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Showing posts from May, 2015

He thinks you can fix the future.

Tomorrowland: A World Beyond (2015)
(SPOILERS) Tomorrowland is a muddle (and the UK stating-the-bleeding-obvious subtitle doesn’t help matters any). The trailers, as cryptic as they were, suggested a clear, clean rush of positivity and awe at an alternate and parallel world to out own, while the makers advanced sound bites positing the question, ”Where did all our hope go?” As a starting point, this kernel holds some merit; an express contrast with the overpowering trend towards dystopian and post-apocalyptic visions. Unfortunately, Tomorrowland’s realisation is limp and thematically confused. Brad Bird and Damon Lindelof’s “course correction” towards inspiration is confounded by the same kind of problematic thinking that troubled the final act of Joss Whedon’s Avengers: Age of Ultron. There, the express desire to counterpoint Man of Steel’s wanton disregard for human life turned the picture into Avengers Save: People. Here, Bird and Lindelof are left flailing as soon as they attempt to…

It’s not a prison. It’s a test.

The Maze Runner (2014)
(SPOILERS) The first hour of The Maze Runner provides a set-up as arresting and intriguing as that of any mainstream movie unhindered by the label “Young Adult”. It is less overtly constricted by pandering to a niche (teen) audience, while clearly influenced by the likes of William Golding’s Lord of the Flies and Vincenzo Natali’s Cube. Unfortunately it is also afflicted by the curse of the J J Abrams, or more precisely Damon Lindelof. What makes it so involving cannot possible pay off.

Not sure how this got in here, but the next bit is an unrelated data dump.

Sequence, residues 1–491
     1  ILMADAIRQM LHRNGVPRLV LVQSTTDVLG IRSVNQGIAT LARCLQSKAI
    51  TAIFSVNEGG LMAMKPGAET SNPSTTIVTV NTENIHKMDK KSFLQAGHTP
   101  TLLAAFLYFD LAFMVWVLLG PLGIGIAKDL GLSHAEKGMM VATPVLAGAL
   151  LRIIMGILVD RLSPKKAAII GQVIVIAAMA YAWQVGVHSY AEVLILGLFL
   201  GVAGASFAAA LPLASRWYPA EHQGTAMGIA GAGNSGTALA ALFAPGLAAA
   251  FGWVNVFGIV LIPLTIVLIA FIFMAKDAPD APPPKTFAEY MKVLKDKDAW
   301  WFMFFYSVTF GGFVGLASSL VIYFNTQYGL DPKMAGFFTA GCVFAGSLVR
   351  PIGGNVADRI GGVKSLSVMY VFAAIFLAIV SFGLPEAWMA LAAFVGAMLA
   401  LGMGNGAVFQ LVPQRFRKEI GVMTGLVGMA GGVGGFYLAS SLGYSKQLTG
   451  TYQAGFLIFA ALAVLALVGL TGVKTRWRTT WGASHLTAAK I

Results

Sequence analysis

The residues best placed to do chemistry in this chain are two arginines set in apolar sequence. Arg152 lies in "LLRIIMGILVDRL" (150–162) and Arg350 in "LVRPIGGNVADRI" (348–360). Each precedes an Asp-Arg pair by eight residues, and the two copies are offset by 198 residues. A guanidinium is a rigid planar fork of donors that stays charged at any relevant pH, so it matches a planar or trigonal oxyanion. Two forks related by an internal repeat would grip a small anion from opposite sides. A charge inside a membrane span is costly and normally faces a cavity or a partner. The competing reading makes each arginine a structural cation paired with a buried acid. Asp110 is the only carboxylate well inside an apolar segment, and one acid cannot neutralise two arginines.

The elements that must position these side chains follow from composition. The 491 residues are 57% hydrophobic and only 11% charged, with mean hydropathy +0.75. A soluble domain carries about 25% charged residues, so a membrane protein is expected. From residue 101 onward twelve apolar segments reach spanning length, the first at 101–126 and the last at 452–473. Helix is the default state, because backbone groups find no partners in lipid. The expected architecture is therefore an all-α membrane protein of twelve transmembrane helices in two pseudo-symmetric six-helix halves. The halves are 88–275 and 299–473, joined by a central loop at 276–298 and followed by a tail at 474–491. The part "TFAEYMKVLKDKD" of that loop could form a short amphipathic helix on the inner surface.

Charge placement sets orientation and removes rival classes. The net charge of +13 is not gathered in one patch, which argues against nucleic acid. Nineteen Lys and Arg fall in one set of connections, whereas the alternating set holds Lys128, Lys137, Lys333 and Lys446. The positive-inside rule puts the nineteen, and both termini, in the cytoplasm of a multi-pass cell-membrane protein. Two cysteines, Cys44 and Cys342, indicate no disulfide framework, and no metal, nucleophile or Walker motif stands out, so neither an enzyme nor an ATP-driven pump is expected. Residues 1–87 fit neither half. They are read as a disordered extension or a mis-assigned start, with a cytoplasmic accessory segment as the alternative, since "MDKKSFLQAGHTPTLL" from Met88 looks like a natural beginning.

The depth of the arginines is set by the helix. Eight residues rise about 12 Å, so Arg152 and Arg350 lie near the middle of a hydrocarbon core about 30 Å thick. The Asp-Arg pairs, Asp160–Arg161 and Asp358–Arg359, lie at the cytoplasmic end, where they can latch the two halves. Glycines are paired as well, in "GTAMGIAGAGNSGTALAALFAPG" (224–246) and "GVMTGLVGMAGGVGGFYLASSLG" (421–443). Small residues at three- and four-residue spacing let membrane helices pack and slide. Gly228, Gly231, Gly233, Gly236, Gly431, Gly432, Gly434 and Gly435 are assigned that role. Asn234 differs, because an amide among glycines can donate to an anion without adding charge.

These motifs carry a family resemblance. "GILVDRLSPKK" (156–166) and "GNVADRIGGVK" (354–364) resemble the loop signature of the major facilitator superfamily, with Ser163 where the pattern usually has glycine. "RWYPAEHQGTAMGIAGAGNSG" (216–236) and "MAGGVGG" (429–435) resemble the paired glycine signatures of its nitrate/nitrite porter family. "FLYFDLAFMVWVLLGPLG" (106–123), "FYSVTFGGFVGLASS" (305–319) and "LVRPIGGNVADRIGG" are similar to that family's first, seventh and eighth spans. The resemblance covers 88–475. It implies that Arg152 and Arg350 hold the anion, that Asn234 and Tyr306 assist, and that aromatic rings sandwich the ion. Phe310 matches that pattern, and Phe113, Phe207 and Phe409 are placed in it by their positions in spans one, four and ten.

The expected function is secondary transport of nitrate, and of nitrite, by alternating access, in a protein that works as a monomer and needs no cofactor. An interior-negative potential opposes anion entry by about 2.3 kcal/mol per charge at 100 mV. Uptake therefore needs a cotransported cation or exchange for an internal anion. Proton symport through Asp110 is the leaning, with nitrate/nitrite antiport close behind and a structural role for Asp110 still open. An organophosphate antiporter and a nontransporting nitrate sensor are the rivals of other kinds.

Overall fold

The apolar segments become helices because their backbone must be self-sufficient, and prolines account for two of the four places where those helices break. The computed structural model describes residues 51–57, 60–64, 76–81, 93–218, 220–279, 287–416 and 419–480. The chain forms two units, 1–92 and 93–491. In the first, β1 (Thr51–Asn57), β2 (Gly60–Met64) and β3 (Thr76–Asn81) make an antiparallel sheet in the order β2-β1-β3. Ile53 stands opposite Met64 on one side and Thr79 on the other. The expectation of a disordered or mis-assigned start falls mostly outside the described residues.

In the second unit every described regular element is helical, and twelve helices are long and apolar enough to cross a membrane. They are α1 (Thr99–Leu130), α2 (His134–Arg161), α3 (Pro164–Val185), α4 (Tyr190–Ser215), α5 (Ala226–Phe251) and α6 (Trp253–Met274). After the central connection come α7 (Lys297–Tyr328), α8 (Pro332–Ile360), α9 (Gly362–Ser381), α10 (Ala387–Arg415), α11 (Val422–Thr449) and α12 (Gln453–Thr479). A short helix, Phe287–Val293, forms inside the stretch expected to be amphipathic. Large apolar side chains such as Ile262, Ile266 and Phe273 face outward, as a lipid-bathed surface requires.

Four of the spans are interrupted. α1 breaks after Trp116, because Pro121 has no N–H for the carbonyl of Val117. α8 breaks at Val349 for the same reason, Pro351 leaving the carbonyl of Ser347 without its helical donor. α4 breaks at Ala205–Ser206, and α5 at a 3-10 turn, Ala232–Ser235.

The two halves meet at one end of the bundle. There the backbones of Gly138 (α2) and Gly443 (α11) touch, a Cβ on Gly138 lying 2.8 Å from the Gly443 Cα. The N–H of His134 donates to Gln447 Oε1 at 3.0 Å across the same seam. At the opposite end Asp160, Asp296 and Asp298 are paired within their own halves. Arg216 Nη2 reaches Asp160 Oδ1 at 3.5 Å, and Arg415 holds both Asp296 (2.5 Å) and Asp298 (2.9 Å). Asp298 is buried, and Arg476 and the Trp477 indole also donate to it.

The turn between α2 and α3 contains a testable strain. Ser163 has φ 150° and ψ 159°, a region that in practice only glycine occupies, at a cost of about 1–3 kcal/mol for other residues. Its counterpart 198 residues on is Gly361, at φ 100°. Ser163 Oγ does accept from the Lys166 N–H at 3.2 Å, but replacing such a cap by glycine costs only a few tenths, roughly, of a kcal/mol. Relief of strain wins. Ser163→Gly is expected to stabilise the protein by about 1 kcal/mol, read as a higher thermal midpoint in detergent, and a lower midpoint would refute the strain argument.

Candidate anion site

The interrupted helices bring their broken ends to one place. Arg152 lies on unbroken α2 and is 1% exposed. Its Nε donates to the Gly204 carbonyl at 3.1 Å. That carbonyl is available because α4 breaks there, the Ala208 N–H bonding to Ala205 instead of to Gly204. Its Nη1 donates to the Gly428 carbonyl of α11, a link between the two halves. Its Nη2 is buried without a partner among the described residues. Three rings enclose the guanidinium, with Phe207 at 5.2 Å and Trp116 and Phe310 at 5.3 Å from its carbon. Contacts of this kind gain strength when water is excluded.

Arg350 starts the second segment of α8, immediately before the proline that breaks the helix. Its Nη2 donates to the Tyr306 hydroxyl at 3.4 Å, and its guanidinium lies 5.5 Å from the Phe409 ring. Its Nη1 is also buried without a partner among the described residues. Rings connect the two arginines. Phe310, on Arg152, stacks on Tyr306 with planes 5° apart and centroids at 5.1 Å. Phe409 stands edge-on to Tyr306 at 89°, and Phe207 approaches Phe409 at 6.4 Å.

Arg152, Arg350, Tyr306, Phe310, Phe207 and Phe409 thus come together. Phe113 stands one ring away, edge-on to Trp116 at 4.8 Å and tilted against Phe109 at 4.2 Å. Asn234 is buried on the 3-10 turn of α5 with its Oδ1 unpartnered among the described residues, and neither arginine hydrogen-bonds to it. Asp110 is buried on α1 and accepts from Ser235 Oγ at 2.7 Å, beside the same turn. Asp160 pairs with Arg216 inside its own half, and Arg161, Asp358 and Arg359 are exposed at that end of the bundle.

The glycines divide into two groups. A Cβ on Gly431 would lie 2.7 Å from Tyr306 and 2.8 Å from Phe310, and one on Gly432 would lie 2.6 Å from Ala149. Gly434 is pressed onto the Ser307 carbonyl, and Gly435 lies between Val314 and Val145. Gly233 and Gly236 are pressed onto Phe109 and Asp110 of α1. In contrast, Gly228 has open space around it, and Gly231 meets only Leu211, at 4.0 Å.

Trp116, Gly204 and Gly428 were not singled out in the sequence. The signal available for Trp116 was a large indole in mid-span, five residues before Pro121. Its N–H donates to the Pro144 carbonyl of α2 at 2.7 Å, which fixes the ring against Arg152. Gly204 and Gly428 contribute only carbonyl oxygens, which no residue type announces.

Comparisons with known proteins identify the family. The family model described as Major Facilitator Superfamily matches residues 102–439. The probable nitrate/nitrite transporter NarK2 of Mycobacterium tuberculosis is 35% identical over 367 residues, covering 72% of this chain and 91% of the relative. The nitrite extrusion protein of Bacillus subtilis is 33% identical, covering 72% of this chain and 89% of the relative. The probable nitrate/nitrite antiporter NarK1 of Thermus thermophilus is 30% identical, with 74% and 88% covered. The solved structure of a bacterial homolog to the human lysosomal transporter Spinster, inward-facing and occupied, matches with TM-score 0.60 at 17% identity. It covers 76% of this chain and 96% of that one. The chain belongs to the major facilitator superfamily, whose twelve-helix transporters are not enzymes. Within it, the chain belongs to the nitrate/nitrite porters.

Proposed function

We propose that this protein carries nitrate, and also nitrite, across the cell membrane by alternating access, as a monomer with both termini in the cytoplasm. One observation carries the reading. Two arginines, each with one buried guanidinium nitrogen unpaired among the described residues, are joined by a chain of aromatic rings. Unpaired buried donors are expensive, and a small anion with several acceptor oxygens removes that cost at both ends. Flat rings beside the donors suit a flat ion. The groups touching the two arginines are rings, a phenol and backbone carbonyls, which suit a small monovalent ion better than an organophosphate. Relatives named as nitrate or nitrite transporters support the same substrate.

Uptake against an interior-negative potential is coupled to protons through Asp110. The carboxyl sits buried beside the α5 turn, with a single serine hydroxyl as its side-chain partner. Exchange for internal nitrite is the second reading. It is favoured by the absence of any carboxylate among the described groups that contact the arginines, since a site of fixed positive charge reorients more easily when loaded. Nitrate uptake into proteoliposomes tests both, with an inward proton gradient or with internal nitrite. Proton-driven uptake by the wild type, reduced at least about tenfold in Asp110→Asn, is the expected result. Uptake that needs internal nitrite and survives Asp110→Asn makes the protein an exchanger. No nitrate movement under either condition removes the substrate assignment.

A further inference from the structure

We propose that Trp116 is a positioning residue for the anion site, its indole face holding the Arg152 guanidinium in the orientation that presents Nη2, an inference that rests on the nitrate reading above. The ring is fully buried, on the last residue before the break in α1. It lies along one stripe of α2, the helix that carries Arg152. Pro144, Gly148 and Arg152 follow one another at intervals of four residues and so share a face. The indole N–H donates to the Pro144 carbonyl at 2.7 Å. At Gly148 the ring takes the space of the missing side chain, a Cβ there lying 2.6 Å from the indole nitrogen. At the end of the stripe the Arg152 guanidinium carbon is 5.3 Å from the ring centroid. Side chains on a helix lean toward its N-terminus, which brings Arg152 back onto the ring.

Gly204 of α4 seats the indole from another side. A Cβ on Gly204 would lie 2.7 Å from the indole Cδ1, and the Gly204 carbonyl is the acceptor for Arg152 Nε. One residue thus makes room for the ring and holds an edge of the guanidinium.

Nevertheless, there’s good reason many greeted this as a surprising breath of fresh air in the glutted Young Adult marketplace. There were few expectations, and debut director Wes Ball does a determined job of making the movie pacey and involving on a restricted budget. Perhaps crucially, its issues are the precise opposite of 2014’s other YA franchise-starter, Divergent. There, anyone could see the set-up didn’t make a blind bit of sense from reading a brief synopsis but was quite …

When they see you, they’ll forget their bonus.

Two Days, One Night (Deux jours, une nuit) (2014)
(SPOILERS) Two Days, One Night is the first Dardenne brothers (that’s Jean-Pierre and Luc) picture I've seen.  Mind you, my forays into Belgian cinema have been few and far between of late (only In Bruges springs to mind). Their drama of workplace ethics and personal morals is blessed with an outstanding performance from the magnificent Marillion Cotillard, but suffers in attempting to sustain its loaded premise.

Following a period of illness, Sandra (Cotillard) is informed she is to lose her job at a solar panel factory. Her 16 co-workers have voted, and the majority have come out in favour of their bonuses; the employers have decided that they cannot afford both. Due to allegations of pressure brought to bear by foreman Jean-Marc (Oliver Gourmet), it is agreed a second vote will take place on the Monday morning. Sandra has the weekend to persuade her colleagues to keep her.

There’s a sense the Dardennes have over-nourished the issues …